TPR consults on revised DC Code of Practice


On 24 November 2015, TPR issued a consultation on a revised Code of Practice on the governance and administration of occupational DC trust based schemes (“the Draft Code”).

The purpose of the Draft Code is to “set out the standards of conduct and practice that [TPR expects] trustee boards to meet in complying with their duties in legislation”.

In this Alert

Key points

  • The Draft Code is much shorter than the current DC code and takes into account changes to legislation, such as the minimum governance standards and charges measures (see our Alert for details) which have occurred since the publication of the original (see our Alert for details).
  • Unlike the current DC code, the Draft Code is only aimed at DC AVCs in DB schemes “insofar as the relevant pensions legislation applies”.
  • If trustees are not confident that, as a board, they are conversant with the legislation relevant to running a DC scheme, TPR urges them to consider whether they are meeting the TKU requirements and to undertake appropriate training and seek professional advice.
  • References to the “DC quality features” have been removed. Instead, the Draft Code will be supported by a number of pieces of guidance, designed to help trustee boards with running a high quality scheme. The guidance will set out (and clearly distinguish between) recommended good practice and suggested approaches that trustee boards may choose to take, where appropriate, to suit the circumstances of their scheme.
  • In the consultation document, TPR confirms that it will no longer expect trustee boards to produce a voluntary governance statement demonstrating how their scheme has performed against the DC quality features.


TPR has published the Draft Code for consultation with the aim of further raising standards of governance and administration in DC schemes.

The Draft Code addresses recent changes to DC regulation and is intended to better support DC trustee boards and managers as they adapt to this year’s major reforms.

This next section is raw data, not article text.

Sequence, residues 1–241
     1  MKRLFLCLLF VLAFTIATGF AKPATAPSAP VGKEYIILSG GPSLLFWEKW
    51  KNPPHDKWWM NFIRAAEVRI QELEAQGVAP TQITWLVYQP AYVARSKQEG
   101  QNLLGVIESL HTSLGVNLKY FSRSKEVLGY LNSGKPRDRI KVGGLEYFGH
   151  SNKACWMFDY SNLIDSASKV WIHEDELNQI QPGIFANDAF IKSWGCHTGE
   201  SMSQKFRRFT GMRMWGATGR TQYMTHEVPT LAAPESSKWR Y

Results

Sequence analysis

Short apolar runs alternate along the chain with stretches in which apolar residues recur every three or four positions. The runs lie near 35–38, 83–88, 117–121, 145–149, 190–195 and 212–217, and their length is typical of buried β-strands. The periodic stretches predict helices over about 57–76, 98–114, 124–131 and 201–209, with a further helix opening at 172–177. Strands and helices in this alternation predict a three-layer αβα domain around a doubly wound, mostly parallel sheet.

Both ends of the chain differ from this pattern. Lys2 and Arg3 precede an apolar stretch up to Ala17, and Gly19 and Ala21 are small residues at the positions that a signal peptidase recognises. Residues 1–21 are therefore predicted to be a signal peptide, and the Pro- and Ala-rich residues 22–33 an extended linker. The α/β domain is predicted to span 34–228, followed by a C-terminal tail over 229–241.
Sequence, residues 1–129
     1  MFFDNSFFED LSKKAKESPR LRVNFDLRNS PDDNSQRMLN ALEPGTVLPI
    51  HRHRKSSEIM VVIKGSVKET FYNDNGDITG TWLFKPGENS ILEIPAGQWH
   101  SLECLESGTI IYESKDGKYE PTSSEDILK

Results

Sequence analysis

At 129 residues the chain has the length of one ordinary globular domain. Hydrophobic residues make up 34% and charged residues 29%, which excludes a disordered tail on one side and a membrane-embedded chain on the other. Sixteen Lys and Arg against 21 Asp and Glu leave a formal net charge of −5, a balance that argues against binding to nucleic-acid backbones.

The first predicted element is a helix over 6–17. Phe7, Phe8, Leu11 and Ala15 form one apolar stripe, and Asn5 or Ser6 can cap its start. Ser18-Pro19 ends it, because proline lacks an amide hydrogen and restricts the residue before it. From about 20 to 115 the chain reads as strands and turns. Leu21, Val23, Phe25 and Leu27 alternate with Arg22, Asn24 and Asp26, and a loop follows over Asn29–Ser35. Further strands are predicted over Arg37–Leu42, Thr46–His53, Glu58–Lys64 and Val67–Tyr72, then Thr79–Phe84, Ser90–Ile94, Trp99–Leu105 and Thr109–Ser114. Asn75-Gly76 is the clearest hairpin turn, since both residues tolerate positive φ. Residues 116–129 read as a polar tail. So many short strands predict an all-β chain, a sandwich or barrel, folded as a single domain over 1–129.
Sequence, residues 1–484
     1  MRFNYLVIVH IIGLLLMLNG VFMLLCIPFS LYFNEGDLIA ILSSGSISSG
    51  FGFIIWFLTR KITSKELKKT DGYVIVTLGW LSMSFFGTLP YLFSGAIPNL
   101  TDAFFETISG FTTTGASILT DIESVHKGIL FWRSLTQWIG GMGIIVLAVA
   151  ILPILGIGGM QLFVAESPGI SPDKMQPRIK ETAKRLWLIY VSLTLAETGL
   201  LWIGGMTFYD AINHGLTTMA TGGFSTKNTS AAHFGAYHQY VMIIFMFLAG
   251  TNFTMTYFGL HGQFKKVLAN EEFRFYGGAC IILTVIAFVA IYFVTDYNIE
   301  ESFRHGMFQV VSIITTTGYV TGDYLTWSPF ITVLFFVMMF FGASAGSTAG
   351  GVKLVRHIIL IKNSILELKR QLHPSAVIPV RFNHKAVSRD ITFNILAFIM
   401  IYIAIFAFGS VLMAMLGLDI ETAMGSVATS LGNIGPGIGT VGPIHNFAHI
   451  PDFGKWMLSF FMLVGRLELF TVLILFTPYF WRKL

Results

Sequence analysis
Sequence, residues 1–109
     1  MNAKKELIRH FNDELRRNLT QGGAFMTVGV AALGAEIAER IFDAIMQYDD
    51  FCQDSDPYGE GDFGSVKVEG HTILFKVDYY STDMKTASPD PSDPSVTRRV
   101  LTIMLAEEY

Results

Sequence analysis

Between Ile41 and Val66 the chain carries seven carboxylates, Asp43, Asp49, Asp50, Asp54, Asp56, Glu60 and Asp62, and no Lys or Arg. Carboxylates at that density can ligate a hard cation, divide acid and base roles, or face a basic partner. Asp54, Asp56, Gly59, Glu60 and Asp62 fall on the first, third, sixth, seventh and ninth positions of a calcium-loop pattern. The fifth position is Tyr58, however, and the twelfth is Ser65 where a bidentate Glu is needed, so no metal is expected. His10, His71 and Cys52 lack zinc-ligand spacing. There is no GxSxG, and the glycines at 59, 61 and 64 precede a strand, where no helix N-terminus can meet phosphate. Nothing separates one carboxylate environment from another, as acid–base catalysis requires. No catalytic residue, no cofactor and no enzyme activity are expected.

Structure of the Draft Code

Although the Draft Code is now significantly shorter, aside from dealing with legislative changes since the original publication, the overall content is broadly the same as before.  However, the document has been completely reworked, with information now divided into the following, more practically titled, sections:

  • The Trustee Board
  • Scheme Management Skills
  • Administration
  • Investment governance
  • Value for members
  • Communicating and reporting.

TPR aims to clearly identify its required standards of conduct and practice with use of the phrase, “we expect”. However, it recognises that different approaches may be appropriate for different schemes, noting that it will often be up to the trustee board “to make judgment calls as to what is a reasonable and appropriate method of ensuring compliance”.

Who will the Draft Code apply to?

The current DC code applies to trustees of all occupational DC trust-based pension schemes with two or more members (whether active, deferred or pensioner) which offer the following types of benefit:

  • DC benefits, including AVCs under occupational DB trust-based schemes or sections and the DC element of hybrid schemes
  • DC benefits with a DB underpin (TPR stated that it expects such benefits to be treated as DC throughout their lifetime).

In a shift away from the current code, the Draft Code is only intended to apply to DC AVCs and DC benefits with a DB underpin “insofar as the relevant pensions legislation applies to them”.

Chair’s statement

TPR views the chair’s statement as a starting point for improving the quality of schemes.  It expects the statement to “provide a meaningful narrative of how the legislative governance requirements have been complied with”.

Interestingly, ahead of completing the statement, TPR suggests trustees think about what further quality measures best suit the needs of their scheme membership and consider whether to include their assessment of how those have also been met in the statement.  It notes that trustees who have previously assessed their scheme against the DC quality features will already have useful processes in place which could be adapted for this purpose.

Value for members

Currently, “value for money” (or “VfM”) is only dealt with in guidance supporting the DC code.  Following changes to legislation, a value assessment is now a legislative requirement and, as such, has been promoted to the Draft Code.

TPR will expect trustee boards to consider the following, as a minimum, in their assessment:

  • scheme management and governance
  • administration
  • investment
  • communications.

The standards which TPR “expects” trustees to meet in each of these areas are set out in the Code; TPR “expects” these to be used as a starting point.   Where trustee boards identify areas which do not provide good value for members, TPR “expects” them to document the issues and to take steps to improve value for members in those areas.  If this is not possible, TPR “expects” trustee boards to document the reasons for this.

Next steps

The consultation closes on 29 January 2016.

TPR intends to consult on the new “how to” guides (which will supplement the Draft Code) in spring 2016, with the Draft Code and guidance due to take effect from July 2016.  Until then, the current DC code remains in force.